A Four-Step Process
Whether you’re a product-based company or a service-based company, you may want to develop your offering so that you can make more revenue per sale, be more competitive, and also solve your client’s problems better than you are currently doing.
While it’s a strong way to improve your business, you might wonder “well, how do I go about doing that? I already have an offering,” or, “if this is what everybody else is doing, don’t I just do the same thing as my competitors?”
Actually, developing an offering that differentiates your business is one of the best ways to gain a competitive advantage. This can be accomplished through four basic steps:
1. Client Research
The first step is to do some research with your clients. When you talk to your clients, you want to ask them things like:
- What could we be doing for you that we aren’t already doing?
- Is there a product you wish we carried?
- Are there certain aspects of our service that you have to go to another company for because we don’t already offer them?
- Do you wish our services were available at a different time of day?
You really need to have an exploratory conversation with a group of your best clients – at least half a dozen or a dozen clients. Once you have gathered this information, it will really help you to generate a wealth of ideas.
2. Competitor Research
The next step is to look at your competition in detail. And when I say competition, I don’t just mean companies who directly steal business from you or who operate in your immediate geographic area.
This label can also include companies that have similar services that can exist in any other part of the world. In fact, if you look around at enough different kinds of “competitors” – or exemplary companies in your industry – you can get ideas for new services that you might be able to offer. You could also look at companies who do aspects of what your suppliers do or facets of the service that you are suppliers for. This would include a broadening and vertical integration of your services as additional options.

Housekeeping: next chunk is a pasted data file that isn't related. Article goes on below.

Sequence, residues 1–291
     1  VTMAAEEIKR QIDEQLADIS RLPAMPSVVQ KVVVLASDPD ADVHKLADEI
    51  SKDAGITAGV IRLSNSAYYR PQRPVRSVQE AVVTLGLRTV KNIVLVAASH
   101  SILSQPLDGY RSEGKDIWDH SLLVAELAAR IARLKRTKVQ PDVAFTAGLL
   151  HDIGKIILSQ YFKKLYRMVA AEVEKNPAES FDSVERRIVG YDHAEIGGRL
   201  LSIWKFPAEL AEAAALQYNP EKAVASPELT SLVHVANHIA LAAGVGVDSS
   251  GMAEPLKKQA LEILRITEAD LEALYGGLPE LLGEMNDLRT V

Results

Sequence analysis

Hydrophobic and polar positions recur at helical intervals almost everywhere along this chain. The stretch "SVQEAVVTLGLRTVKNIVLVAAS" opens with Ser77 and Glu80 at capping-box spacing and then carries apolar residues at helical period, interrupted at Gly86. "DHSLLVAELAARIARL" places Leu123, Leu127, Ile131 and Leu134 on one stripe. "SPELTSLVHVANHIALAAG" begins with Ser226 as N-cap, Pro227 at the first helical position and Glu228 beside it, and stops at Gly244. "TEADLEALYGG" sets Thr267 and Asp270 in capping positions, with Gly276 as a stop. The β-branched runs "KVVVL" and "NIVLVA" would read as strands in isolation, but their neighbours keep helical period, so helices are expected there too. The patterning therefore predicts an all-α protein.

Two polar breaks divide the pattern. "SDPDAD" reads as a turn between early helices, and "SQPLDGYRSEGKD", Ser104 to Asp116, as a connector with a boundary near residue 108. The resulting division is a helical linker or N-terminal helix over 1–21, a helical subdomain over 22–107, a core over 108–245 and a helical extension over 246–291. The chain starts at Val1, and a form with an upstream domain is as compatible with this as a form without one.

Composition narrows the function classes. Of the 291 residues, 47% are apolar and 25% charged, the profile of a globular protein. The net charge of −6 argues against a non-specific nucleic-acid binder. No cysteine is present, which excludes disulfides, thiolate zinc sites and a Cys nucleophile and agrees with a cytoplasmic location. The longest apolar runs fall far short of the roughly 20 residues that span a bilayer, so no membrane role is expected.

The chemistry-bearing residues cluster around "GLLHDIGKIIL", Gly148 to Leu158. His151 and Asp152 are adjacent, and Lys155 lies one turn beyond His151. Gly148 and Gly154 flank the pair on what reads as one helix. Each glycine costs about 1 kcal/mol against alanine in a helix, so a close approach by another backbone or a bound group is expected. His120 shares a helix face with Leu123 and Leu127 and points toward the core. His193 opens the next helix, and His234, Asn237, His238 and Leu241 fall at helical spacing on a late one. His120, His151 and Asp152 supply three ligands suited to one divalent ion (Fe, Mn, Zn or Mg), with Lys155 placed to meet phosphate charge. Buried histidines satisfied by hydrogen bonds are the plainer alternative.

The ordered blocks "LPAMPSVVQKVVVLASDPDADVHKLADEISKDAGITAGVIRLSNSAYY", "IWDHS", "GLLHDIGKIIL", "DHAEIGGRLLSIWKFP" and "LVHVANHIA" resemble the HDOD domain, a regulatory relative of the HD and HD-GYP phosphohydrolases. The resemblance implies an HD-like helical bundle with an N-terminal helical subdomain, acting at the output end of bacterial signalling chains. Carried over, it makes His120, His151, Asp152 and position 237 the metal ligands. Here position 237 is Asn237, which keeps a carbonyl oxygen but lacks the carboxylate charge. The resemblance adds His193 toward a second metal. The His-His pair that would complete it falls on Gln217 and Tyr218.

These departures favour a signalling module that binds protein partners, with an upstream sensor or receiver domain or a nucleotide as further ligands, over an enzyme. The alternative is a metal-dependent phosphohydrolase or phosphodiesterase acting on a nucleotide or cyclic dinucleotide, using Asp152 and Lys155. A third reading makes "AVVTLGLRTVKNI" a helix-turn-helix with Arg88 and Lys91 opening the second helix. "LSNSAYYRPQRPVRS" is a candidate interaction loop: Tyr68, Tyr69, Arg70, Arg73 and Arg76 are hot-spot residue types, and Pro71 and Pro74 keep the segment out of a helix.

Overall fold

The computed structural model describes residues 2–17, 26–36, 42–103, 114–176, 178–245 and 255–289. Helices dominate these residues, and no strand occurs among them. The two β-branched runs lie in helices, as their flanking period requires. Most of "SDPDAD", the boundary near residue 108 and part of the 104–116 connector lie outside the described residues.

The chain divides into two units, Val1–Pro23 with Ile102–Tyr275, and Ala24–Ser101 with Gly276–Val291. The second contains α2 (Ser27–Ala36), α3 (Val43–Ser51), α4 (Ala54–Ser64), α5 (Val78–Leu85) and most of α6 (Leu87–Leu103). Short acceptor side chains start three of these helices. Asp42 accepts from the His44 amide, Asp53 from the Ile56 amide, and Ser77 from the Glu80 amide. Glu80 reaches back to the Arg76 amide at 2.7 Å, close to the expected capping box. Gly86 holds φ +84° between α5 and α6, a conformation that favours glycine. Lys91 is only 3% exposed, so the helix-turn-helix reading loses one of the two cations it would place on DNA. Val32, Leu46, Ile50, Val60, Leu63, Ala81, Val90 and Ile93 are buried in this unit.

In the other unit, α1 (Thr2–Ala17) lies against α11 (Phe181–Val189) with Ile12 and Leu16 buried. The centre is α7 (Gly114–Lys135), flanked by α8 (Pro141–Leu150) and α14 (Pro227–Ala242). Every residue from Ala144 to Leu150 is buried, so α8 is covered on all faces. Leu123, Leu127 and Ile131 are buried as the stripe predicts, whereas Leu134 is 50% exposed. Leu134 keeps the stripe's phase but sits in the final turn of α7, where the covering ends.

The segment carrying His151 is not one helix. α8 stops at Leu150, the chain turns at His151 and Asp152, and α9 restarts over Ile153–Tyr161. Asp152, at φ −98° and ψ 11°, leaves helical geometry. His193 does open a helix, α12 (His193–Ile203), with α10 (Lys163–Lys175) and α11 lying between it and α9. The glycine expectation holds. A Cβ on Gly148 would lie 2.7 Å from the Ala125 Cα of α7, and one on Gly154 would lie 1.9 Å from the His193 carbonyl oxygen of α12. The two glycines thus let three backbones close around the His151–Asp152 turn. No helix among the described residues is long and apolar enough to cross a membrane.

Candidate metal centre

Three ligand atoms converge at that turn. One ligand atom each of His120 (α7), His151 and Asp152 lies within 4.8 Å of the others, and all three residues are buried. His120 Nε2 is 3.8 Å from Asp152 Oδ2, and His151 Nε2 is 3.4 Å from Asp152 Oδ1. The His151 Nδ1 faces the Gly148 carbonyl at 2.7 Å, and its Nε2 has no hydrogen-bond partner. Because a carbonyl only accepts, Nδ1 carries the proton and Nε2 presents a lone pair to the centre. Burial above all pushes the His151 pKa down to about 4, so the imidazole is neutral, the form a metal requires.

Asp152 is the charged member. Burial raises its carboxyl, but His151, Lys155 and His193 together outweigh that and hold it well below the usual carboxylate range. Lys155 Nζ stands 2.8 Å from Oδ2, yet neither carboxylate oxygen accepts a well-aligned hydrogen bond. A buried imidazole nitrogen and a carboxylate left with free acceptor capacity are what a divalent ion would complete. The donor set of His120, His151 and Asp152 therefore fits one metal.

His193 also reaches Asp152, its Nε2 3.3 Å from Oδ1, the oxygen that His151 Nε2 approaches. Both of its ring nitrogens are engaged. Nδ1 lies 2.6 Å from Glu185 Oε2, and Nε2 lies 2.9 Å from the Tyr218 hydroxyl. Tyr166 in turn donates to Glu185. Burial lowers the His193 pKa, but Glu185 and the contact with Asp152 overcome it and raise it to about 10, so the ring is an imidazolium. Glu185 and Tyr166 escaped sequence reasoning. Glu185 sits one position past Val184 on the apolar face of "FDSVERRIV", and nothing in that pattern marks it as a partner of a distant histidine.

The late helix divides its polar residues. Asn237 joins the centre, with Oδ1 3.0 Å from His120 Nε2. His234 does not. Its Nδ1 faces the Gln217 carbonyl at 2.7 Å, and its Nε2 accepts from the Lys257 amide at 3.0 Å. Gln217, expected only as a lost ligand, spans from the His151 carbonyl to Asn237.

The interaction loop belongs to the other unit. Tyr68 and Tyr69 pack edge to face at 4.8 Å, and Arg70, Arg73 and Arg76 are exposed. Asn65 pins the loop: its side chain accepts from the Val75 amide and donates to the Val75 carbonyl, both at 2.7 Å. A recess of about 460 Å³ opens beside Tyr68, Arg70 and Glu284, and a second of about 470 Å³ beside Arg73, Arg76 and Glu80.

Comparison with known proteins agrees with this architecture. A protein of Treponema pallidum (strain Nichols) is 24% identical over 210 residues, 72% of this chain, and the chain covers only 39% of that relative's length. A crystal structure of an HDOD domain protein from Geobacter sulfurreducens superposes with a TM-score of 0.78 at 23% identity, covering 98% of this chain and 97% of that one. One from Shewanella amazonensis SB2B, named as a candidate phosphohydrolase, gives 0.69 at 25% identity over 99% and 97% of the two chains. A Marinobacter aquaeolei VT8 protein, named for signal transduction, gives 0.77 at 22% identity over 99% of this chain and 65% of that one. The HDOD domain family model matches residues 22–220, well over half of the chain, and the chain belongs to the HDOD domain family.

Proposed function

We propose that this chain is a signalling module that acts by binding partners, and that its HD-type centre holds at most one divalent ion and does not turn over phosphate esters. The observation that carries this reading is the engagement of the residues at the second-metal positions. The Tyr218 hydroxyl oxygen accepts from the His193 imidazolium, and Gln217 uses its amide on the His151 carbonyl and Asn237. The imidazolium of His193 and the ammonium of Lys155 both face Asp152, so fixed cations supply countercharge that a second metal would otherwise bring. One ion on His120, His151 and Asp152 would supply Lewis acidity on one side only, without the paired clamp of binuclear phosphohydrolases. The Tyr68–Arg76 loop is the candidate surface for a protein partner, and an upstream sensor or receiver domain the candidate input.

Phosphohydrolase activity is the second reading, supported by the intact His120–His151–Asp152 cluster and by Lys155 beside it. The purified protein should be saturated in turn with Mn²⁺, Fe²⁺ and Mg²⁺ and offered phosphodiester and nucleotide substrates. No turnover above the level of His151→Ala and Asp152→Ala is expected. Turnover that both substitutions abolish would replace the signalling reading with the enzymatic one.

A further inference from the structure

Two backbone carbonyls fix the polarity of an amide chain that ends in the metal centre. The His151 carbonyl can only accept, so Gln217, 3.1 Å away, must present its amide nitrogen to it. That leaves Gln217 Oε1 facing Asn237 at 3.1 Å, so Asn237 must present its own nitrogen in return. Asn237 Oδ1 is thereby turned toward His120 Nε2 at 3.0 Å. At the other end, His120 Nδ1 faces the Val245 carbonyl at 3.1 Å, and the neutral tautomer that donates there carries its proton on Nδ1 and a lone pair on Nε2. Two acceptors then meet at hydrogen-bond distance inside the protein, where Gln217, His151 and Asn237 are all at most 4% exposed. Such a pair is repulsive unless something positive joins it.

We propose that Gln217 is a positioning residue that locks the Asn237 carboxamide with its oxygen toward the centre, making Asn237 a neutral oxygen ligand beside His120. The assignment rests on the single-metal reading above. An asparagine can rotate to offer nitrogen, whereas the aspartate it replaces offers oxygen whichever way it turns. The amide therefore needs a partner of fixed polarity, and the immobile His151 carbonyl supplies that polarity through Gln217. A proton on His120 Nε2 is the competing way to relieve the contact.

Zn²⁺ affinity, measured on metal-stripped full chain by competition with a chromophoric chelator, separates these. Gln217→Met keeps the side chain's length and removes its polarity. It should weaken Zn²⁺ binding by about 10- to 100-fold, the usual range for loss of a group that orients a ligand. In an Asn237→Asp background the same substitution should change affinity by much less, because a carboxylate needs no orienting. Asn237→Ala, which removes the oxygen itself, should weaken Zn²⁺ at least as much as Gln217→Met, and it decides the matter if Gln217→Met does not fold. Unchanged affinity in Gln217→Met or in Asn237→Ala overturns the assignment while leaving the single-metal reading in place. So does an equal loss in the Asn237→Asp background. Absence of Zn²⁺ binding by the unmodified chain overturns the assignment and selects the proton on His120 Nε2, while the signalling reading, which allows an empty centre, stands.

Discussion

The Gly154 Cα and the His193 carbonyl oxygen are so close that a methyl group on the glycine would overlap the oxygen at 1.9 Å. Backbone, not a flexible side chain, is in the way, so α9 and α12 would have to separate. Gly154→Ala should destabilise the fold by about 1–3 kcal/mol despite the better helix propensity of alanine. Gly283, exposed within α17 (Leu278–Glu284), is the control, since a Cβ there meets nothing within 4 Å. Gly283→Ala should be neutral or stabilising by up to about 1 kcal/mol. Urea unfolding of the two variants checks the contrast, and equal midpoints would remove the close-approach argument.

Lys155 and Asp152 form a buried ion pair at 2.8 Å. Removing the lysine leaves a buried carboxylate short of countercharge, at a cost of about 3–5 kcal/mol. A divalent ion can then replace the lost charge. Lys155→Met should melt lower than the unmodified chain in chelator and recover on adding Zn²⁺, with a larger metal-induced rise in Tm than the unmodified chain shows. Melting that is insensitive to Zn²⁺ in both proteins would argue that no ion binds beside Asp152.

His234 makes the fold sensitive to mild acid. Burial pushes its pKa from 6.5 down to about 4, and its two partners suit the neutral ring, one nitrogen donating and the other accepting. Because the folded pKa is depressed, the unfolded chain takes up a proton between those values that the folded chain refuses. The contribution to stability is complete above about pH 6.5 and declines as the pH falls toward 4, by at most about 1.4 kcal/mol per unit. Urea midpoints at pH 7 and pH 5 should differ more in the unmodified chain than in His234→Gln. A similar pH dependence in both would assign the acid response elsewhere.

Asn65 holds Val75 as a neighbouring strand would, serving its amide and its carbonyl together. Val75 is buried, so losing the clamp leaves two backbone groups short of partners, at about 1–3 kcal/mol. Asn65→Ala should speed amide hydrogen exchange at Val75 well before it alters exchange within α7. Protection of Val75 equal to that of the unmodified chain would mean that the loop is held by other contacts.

Between the first step, which is talking to clients, and the second step, which is researching competitors and other kinds of companies, you can generate a lot of ideas for brand new offerings. Then the question becomes, “do I offer a whole bunch of new random offerings just because they do?” Of course not!
3. Imagine Your Ideal Client Says Yes to Everything
For the third step, you need to look back at your mission statement and at your ideal clients. Imagine that one type of our ideal client comes through the door of your company with a problem. And when that client comes through the door with that problem, you’re gonna have a solution. For the sake of this exercise, we’re going to assume that that solution you provide is something that that client is gonna say yes to.
Ask yourself, what is the first thing you would do for that customer that comes through the door? Maybe you would come up with an original concept for them and then maybe you would draw that up. Or maybe you would create a group of products they can use. Whatever it is that you do, you roleplay step-by-step how you would go about solving that client’s problem right through until making the sale…and even after. How would you follow-up and continue to serve that client’s need for those kinds of problems over and over again?
If you can imagine a sequence of how you would serve your ideal client, assuming that they would say yes to everything, that’s how you develop a full and competitive offering. You can also repeat this exercise for different types of customers, industries, or demographics depending on how many you feel you can realistically serve.
4. Cull and Refine
The final step is to refine your offering so that you can determine which potential offerings you can deliver on – and it may not even be that you have to do them all in-house.
For example, some of them you might have to sub out. But, you can still create the solution through your company – the potential client doesn’t even need to be aware that you’re sourcing from other areas (as long as you take full responsibility for the work of any subcontractors).
Doing this does help you to build a broader offering than you might have been able to offer alone. And it also gives you some opportunities to grow into those services in the future, and bring them in-house, if you gain enough demand for them.
So in a nutshell, it’s four basic steps: research your clients, research your competition, imagine what your ideal clients want from you start-to-finish, and then refine it. And if you want to get really fancy, you can create nice little brand names for your different service offerings or solution packages – something like “gold”, “silver”, and “bronze” levels (or tailored to the client type).
Good luck with your offering development and thanks for listening.